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Tainted Love: a story of spiking

Tainted Love: a story of spiking

By: Fiona Milton

Drinks. Drugs. Sex. Some guys use one to get the other, and not always with consent. A story of spiking…

Victim. It’s a powerful word, all encompassing. It covers a multitude of sins. It takes a confident young woman and transforms her into something different. I’m a victim, apparently, but I get confused over what I’m a victim of. A victim of date rape drugs? A victim of a university drinks spiking culture? Of my own taste for alcohol? One man’s intended victim, or the victim of something deeper, a societal canker.

Some people tell me that the modern dating scene isn’t any different from decades past. Swiping left or right on hundreds of faces in minutes? It’s just a blown-up, heightened version of what’s always been the case: some people are more fuckable than others. When someone grinds on you in a club, it takes less than five seconds to decide whether to grind right back, or else pull a face at your mates before slinking off. Take that, translate it into a digital format, and you have apps like Tinder and Grindr.

But just as the dating scenes of ages past had their downsides – arranged marriage, being dragged by the hair by a club-wielding caveman – there’s a darker side to modern romance. For those with sinister motives, apps like Tinder are the perfect hunting ground. Last year, Grindr serial killer Stephen Port was convicted of murdering four men, whom he met through the app and then date rape drugged. And more generally, whilst swiping left might separate the wheat from the chaff, it also creates a sense of disposability. Reduced to a single pouting picture and a one-line bio – Sam, 22, 6ft tall mummy’s boy – we are all one-dimensional creatures with great contour lines (depending on the filter) and who are, ultimately, interchangeable.

Perhaps it’s this sense that people are somehow disposable, swipeable, that’s fostering a rise in sexual assault. According to the latest UK government stats, the number of sexual offences recorded by the police is up by 21% compared with the previous year.

Meeting potential partners is easier than ever now. But for some, like Stephen Port, and like the man who spiked me, it’s apparently not easy enough.

I was spiked when I was 19, during my first year of university. I was fresh-faced, away from home for the first time. I was relatively inexperienced with men, with drinking, with clubbing, with most things. I was trusting and smiley.

The night began as any other: pre-drinks in someone’s tiny student room, decked out with fairy lights, IKEA cushions and empty VKs. We headed to a club, packed with most of the city’s student population. We ordered shots, we got drunk, we danced (not necessarily in that order).

Then things get hazy. I have a memory, blurred and smudged like a Polaroid, of a sweet, raspberry-coloured drink. Then dark, nothing. Then waking up in bed in my student room. A friend was asleep on my bedroom floor, fully clothed and lying under my duffel coat. Why is he here, I thought, before noticing the bucket next to my bed. I assumed I’d drunk too much, and that the friend was there to ensure I didn’t choke on my own vomit. My face flushed with embarrassment. When my friend woke, however, he told me a different story.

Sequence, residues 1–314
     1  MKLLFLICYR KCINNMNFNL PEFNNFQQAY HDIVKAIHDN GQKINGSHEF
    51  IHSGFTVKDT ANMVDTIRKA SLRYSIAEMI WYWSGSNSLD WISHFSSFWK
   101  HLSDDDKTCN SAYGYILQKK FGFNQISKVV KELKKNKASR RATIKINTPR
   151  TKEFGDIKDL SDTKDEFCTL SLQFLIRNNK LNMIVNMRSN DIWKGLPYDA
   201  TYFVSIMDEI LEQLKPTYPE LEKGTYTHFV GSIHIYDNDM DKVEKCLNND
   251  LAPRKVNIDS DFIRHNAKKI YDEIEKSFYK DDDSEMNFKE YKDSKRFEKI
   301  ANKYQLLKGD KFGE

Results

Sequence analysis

I had gone to the bar alone and come back changed. I was spaced out, eyes glazed. The friends I was with also noticed a man following me around the club’s dance floor. Something was wrong. They decided that someone should take me home. My male friend began half walking, half carrying me through town, towards our student halls. He heard someone behind us, and turned round to see a man, the same man who’d been tailing me in the club, running towards us. Then the man tried to grab me.

My friend shoved me out of the way, before aiming a punch at the man. The two of them grappled, as I lay on the pavement, oblivious. The thought of me then, passive, drugged, vulnerable, makes me feel physically ill. I picture myself, crumpled, an inane smile on my face, as my friend and a shadowy figure slug it out. I picture it so often it feels like a memory.

The next morning I discovered that the spiking – my victimhood – was common knowledge. Some asked me how I was feeling. Others asked me what I’d been wearing. What kind of Tinder picture, what one-line bio, had I presented to the world that night. Had I been wearing shorts, or a low-cut top, or make-up? Well then, no wonder. “Spiking victim, 19, she didn’t mean to but she asked for it.”

Victim. It’s a powerful word. But while I still think about that night, of my robbed memories, it’s the morning-after that haunts me. Apparently I presented the wrong profile picture to the world that night; and it was my fault a man had tried to swipe right.

I think of that trusting, smiley teenage girl. What kind of advice can I offer to other, smiley young things? The ones who haven’t taken a long drag, a lung-full, of shame? It will all sound so bitingly bitter. Jaded. I was – like so many others were, are, will be – so naïve. There’s no space for naivety in today’s hook-up culture.